A witness in the trial of seven Chinese nationals facing human trafficking and child labour charges has detailed a web of abuse he and fellow nationals were subjected to including being subjected to long working hours, debt bondage, hazardous working conditions, insults, assaults and violation of basic human rights.
Fraser Aufi, a Malawian national, testified in the Johannesburg High Court today. He also told the court that his dream of becoming an entrepreneur was shattered the day he set his foot at Beautiful City Pty Ltd, the company that employed them.
He said his dream when he came into South Africa back in 2017 was to get work and go back home to open and run his own business.
However, after being subjected to slavery-like working conditions that dream has now disappeared.
Aufi was continuing on his testimony detailing the alleged trail of abuse he suffered in the hands of his employer.
Seven Chinese nationals were arrested in November 2019 for alleged human trafficking and violation of the country’s labour laws. They are: Kevin Tsao Shu-Uei, Chen Hui, Qin Li, Jiaqing Zhou, Ma Biao, Dai Junying, and Zhang Zhilian.
The accused are facing schedule six offences. They are charged with 160 counts of crime ranging from contravention of labour laws, human trafficking, kidnapping, contravention of Immigration Act, pointing a firearm, debt bondage, benefiting from the services of a victim of trafficking, conduct that facilitates trafficking, illegally assisting person(s) to remain in South Africa, knowingly employing illegal foreigners, and failure to comply with duties of an employer.
They are out on a bail, except for accused number seven Zhang Zhilian who is now held in custody because on 24 February 2021 violated her bail conditions by trying flee the country. She was arrested at the OR Tambo International Airport.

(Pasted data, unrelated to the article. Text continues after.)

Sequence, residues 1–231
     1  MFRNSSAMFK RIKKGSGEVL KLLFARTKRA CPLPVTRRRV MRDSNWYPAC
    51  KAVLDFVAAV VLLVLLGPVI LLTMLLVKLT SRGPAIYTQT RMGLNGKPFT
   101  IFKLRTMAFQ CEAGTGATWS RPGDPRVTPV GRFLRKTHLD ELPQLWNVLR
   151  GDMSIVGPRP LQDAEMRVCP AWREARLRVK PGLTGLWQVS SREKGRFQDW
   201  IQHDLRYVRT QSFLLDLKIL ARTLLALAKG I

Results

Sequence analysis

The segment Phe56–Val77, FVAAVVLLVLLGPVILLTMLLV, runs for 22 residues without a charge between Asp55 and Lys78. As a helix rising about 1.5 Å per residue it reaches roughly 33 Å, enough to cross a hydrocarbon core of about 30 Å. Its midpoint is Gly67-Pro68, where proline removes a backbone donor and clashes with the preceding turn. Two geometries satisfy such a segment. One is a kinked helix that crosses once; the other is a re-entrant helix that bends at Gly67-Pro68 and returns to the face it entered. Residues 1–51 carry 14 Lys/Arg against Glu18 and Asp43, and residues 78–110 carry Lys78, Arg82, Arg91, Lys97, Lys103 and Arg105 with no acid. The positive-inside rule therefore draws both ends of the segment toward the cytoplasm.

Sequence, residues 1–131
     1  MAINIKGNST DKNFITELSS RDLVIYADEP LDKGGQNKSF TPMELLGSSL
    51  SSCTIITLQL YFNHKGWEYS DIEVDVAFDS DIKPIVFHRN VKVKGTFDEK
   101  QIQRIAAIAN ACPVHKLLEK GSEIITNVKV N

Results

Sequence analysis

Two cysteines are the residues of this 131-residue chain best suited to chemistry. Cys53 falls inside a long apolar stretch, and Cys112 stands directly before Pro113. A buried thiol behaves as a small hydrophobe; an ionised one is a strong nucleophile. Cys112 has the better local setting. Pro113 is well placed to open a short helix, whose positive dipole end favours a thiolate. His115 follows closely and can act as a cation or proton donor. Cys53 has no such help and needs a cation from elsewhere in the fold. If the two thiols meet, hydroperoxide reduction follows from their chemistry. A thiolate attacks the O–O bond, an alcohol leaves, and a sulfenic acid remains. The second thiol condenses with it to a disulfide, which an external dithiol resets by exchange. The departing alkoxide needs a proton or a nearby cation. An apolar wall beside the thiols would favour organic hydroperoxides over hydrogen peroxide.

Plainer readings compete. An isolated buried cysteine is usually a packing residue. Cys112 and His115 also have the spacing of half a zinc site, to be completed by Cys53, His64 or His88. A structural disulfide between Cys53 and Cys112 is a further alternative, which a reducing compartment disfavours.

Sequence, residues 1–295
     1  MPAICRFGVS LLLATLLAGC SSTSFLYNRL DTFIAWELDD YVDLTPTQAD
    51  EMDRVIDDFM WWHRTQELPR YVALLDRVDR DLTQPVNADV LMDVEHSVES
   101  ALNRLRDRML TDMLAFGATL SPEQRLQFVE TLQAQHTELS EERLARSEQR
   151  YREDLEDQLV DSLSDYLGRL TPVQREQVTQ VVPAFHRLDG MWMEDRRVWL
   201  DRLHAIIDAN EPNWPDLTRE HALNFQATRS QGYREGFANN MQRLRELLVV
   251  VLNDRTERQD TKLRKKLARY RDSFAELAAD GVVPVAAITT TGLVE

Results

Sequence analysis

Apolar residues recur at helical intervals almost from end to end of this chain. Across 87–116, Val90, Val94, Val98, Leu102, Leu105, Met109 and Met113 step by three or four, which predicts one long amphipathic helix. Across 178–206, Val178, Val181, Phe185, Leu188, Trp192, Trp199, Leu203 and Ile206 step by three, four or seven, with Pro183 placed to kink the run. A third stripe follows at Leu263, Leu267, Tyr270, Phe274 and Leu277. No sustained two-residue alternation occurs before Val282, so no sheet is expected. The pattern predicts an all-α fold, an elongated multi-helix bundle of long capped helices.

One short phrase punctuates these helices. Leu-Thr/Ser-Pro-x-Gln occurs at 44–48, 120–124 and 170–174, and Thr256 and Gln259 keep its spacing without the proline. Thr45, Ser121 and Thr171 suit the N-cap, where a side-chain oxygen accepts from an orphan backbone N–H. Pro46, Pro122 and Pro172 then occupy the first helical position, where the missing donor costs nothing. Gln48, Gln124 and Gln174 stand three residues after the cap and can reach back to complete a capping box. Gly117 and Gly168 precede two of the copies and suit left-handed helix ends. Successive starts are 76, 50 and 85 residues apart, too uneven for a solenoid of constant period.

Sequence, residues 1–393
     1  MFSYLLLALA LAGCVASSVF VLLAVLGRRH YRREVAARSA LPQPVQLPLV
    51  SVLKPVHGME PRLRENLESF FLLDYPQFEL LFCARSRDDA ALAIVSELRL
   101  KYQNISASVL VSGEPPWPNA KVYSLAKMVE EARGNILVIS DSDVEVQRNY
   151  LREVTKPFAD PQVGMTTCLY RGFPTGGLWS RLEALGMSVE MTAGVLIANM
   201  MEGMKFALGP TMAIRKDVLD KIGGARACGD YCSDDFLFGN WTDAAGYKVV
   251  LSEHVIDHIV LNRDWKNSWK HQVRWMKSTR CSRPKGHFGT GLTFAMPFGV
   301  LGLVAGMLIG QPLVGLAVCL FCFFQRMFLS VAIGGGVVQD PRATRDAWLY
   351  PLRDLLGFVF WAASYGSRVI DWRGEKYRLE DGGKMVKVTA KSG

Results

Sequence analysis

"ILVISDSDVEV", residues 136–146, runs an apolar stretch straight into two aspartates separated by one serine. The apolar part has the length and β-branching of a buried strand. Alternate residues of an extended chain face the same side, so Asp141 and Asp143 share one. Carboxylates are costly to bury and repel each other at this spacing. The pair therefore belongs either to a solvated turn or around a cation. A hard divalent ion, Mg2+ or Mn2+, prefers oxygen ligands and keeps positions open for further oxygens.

The seven accused were arrested for allegedly running an illegal enterprise called Beautiful City Pty Ltd located at Village Deep in Johannesburg after a joint operation by the Department’s Inspection and Enforcement Services, together with the South African Police Services (SAPS), Department of Home Affairs and the Hawks Unit.
Aufi told the Court that initially the Chinese refused to open the gates until the police climbed over the gates to free them and how the accused tried to “bribe” the police with food.
The witness had testified earlier that during his stay at the factory he was once injured on a rib while working on a machine and has witnessed a number of injuries suffered by fellow workers including suffering fractures, and being chopped fingers by machines.
He told the Court that he was never compensated for his injuries.
The accused have pleaded not guilty to all the charges.
The witness further testified that: “If things were well in Malawi I would never have come to South Africa”.
Aufi testified that except for a few Malawians that have since left most of the Malawians freed from the Chinese factory were now under the police care and have been told that their status would be resolved after the Chinese trial.
The trial continues tomorrow.